The Planet Earth

The history of physics from ancient times to the modern day, focusing on space and time. Every life form we know of evolved on Earth, and life on Earth has undergone a number of mass extinctions possibly due to the Sun's path through the galaxy. Sputnik 1 became the first artificial satellite to orbit the Earth in 1957 and the International Space Station launched in 1998.

Last updated on 5th June 2017 by Dr Helen Klus

1. Characteristics of Earth

Earth is the third closest planet to the Sun, and completes one orbit about every 365 days. Earth is larger, denser, and more massive than Mercury, Venus, and Mars, and has one natural satellite, the Moon[1].

Photograph of astronaut Mark C. Lee above the Earth.

Astronaut Mark C. Lee above the Earth. Image credit: NASA/Public domain.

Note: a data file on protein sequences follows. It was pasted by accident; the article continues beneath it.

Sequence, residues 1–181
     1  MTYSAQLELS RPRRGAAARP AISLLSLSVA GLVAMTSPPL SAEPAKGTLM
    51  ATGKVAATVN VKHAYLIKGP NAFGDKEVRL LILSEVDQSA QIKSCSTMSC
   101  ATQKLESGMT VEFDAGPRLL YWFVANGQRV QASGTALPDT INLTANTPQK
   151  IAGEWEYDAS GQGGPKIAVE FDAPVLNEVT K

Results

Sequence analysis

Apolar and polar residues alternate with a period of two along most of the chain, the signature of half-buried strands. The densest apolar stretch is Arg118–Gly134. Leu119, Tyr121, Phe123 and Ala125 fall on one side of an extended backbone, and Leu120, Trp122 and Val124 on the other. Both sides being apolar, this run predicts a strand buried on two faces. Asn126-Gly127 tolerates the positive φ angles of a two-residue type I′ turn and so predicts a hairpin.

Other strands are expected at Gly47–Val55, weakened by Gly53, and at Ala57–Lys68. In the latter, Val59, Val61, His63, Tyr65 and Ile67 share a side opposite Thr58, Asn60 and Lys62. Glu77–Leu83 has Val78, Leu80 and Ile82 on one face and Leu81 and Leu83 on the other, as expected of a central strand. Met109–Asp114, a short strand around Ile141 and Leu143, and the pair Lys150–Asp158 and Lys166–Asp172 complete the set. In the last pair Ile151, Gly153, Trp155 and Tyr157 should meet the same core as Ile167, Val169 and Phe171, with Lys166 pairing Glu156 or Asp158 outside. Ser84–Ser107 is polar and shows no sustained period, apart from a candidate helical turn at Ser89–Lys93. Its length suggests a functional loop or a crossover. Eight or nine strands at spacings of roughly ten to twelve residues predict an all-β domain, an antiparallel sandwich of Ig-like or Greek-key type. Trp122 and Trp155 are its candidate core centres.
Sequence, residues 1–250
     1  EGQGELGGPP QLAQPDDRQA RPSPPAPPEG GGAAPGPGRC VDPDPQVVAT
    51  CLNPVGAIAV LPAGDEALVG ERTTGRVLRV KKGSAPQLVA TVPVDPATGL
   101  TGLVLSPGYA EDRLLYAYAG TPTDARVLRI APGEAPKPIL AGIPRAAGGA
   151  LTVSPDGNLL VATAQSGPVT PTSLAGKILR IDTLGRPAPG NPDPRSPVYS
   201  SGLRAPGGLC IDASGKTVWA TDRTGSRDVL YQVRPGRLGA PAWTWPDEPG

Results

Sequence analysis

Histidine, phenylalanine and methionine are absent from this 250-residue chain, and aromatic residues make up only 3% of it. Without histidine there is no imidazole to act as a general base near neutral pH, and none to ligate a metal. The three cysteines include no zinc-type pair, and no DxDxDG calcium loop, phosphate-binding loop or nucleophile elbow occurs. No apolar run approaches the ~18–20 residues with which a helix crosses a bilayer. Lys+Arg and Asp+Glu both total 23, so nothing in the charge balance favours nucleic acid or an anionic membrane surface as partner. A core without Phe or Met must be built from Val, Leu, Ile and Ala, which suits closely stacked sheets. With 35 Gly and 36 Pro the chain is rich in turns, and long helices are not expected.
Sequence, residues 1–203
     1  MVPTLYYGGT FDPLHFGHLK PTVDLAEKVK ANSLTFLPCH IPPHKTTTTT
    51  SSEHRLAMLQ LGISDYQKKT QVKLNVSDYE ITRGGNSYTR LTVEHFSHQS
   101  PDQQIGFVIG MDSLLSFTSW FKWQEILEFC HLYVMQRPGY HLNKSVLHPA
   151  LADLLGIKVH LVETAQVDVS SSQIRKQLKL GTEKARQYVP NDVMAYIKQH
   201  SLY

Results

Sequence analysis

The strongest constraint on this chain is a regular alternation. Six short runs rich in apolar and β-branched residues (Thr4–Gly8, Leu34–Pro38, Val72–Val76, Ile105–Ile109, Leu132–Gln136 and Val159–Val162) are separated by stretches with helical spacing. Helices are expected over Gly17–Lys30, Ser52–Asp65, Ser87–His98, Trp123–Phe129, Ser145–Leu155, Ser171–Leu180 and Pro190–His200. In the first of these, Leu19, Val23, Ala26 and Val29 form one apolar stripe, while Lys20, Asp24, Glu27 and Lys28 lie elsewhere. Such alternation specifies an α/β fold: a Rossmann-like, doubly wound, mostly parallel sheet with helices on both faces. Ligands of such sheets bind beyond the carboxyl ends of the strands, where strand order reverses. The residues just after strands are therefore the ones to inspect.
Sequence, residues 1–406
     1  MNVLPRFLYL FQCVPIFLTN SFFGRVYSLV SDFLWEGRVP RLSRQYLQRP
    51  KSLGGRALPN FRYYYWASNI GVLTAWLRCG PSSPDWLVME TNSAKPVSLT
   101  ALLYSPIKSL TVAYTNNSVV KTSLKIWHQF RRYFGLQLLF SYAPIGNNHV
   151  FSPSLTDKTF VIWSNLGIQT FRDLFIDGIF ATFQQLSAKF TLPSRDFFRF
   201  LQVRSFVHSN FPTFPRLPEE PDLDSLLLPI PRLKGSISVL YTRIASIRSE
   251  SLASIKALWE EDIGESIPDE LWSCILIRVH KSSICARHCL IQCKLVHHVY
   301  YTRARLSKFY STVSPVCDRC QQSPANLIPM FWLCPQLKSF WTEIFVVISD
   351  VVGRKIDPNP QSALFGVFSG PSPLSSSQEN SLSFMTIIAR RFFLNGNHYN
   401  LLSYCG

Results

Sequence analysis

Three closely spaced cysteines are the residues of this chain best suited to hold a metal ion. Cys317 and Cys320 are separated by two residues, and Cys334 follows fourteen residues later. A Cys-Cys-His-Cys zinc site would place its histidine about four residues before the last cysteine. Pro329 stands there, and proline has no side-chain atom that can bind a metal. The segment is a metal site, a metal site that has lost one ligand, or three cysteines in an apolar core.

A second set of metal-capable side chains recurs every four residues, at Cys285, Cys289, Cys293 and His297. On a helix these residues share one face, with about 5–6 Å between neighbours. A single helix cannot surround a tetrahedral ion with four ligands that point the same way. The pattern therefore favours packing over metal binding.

Earth is the only place in the universe where life is known to exist, and almost all life on Earth is fuelled by energy from the Sun. It takes light just over 8 minutes to travel to Earth, across a distance of about 150 million km. This distance is defined as one Astronomical Unit (AU).

Over 70% of the surface of the Earth is covered with salt-water oceans. The rest is composed of continents and islands. The interior of the Earth contains a thick layer of solid mantle, a liquid outer core that generates a magnetic field, and a solid inner core of iron. The Earth's axis is tilted by about 23.4°, and this is what causes us to experience seasons.

Shortly after its formation, about 4.54 billion years ago, the Earth had an atmosphere of hydrogen and helium, which soon escaped the gravity of Earth, and were replaced by heavier molecules like water, carbon dioxide, and ammonia. These were released from the Earth by volcanoes[2]. During the Earth's first 700 million years, the surface was bombarded with comets, which brought water and other elements and molecules, including amino acids, the 'building blocks of life'[3a].

Planets in the Solar system, sizes are approximately to scale. Jupiter is the largest planet, followed by Saturn.